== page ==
By Ken Wackes April 2017
Many teachers are poorly prepared in the art of designing effective instructional objectives. Some Christian schools find it easier to adopt ready-made curricula from Christian publishers, including objectives, outcomes, and assessments.
But what if you want to go higher than that, no matter the textbooks you use? What if you want to capture the best of your faculty by involving them in writing your own school-based objectives? Two educators are most frequently mentioned as prime movers in developing methods for writing instructional objectives. Anyone involved with writing instructional objectives should explore the ideas of these two giants in the field.
Robert Mager (1923–)
For over forty years Robert Mager has been the guru for public and non-public schools in the art of creating effective instructional objectives. His classic book, Preparing Instructional Objectives, is a quick and fun read. His humor makes his works a pleasure to read; each begins with a humorous fable.
Mager is not without his critics: In the opinion of many, when Mager speaks about “Instructional Objectives” he is actually describing “Learner Outcomes.” His ABCD paradigm (Audience, Behavior, Condition, and Degree) focuses on the learner and not the instructional process. Therefore, the definition of terms has changed in some quarters:
- “Instructional Objective” means “Who, teaches What, How, over What Period of Time, using What Methods, to Whom, and Assessing How Often.”
- “Learner Outcome” means “What will the learner be expected to Know or Do?”
- “Rubric” means “Under what Conditions, and To What Degree will the student be expected to show mastery?”
- “Standard” means a final level of mastery expected of all students
SESIP’s Glossary of Terms follows this more recent understanding of Instructional Objective and Leaner Outcome.
An example of this distinction is ‘Objectives vs Outcomes’ as used by the Rensselaer Polytechnic Institute:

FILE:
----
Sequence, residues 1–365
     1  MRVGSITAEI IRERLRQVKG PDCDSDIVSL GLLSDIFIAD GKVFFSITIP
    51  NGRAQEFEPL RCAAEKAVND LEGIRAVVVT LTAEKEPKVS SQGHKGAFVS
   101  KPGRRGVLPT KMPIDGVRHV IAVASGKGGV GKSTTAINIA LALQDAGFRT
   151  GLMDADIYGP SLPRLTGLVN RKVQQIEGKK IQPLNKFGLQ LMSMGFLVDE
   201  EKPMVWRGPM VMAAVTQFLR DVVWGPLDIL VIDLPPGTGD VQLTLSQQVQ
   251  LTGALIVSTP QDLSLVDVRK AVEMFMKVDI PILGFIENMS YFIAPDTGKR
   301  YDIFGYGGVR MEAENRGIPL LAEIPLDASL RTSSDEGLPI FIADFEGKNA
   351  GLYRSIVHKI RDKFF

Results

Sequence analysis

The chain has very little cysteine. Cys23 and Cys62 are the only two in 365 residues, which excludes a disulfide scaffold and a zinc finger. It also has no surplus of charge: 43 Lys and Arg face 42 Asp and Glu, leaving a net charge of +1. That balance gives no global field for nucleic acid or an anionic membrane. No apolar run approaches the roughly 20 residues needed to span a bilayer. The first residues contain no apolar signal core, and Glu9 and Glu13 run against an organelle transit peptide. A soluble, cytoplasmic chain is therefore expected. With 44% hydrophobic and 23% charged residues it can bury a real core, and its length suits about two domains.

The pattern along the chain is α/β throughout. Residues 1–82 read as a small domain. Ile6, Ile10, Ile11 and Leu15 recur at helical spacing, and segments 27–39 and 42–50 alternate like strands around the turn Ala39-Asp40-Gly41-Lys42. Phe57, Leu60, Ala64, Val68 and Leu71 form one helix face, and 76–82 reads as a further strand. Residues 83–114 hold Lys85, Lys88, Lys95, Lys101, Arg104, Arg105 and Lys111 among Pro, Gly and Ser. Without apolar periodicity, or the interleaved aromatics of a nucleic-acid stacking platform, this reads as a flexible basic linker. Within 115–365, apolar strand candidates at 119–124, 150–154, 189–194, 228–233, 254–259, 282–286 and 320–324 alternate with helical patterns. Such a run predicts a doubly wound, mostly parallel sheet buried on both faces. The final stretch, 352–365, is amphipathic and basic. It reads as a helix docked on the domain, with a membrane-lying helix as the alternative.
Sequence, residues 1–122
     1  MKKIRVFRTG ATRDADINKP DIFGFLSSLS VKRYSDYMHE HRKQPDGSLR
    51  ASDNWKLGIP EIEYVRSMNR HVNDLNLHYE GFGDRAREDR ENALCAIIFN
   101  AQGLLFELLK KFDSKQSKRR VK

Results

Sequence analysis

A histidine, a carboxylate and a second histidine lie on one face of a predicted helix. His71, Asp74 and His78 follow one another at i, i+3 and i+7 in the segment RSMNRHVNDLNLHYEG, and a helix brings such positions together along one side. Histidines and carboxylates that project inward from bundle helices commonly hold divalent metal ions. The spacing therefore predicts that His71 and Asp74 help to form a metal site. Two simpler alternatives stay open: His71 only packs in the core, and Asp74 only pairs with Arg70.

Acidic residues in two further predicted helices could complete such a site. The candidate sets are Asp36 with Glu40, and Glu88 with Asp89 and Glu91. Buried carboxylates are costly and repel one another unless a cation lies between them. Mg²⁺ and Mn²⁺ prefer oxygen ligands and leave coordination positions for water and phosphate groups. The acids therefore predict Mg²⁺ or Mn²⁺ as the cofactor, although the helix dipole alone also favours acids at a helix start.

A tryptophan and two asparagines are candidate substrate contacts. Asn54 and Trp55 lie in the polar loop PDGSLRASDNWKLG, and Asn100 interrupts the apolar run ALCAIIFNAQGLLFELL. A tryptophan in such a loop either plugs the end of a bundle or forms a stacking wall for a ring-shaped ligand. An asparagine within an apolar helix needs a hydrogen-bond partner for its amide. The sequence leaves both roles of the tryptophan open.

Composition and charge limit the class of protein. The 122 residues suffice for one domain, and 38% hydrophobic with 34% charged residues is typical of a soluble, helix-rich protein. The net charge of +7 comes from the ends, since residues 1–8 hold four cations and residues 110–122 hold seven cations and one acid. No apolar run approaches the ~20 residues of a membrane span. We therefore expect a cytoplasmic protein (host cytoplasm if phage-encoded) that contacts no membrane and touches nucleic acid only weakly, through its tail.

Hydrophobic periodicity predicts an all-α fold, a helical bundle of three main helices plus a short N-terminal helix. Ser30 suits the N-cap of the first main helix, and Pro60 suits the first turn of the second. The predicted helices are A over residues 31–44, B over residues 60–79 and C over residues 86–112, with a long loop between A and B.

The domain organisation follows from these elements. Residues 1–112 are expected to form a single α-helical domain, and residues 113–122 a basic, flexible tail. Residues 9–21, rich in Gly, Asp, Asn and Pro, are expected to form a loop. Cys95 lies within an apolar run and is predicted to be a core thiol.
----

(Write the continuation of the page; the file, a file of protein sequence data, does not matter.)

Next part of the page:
- Objectives describe the goals and intentions of the instructor who teaches the course.
- Objectives, often termed the input in the course, state the purpose and goals of the course.
- Objectives focus on content and skills important within the classroom or program.
- Objectives may describe what the staff and faculty will do.
- Objectives can often be numerous, specific, and detailed.
- Assessing and reporting on each objective for each student may be impossible.
- Student Learning Outcomes catalog the overarching “products” of the course and are the evidence that the goals or objectives were achieved.
- Learning Outcomes are statements that describe or list measurable and essential mastered content-knowledge-reflecting skills, competencies, and knowledge that students have achieved and can demonstrate upon successfully completing a course.
- Outcomes express higher-level thinking skills that integrate course content and activities and can be observed as a behavior, skill, or discrete useable knowledge upon completing the course.
- Outcomes are exactly what assessments are intended to show — specifically what the student will be able to do upon completing the course.
- An assessable outcome can be displayed or observed and evaluated against criteria.
- Outcomes are clear and measurable criteria for guiding the teaching, learning, and assessment process in the course.
Benjamin Bloom (1913–1999)
An educational psychologist, the late Bloom is primarily noted for his “taxonomy of educational objectives” and the “hierarchy of learning.” He is the first to associate key action verbs with developing learner outcomes and rubrics. His most widely read book is Taxonomy of Educational Objectives, Handbook I:The Cognitive Domain.
Bloom observed that the typical teaching/learning paradigm benefited only about 20% of learners. That paradigm required all students to cover the same amount of material in the same amount of time and be assessed by use of one “fits all” test.
Bloom presented a new paradigm, “Mastery Learning.” In mastery learning “formative assessments” are given along the way. Formative assessments have one primary goal, per Bloom, and that is to show students precisely what they have learned well to that point and what they have to learn better. In other words, formative assessments should be primarily informative rather than “grade assigning.” Formative assessments should contain helps for the learner to improve what he/she has not yet mastered (e.g. page numbers in a textbook or other resources). In this way, formative assessments are “individualized.”
Watch this YouTube video, How to Write Learning Objectives Using Bloom’s Taxonomy and see the items available at Bloom’s Taxonomy.org.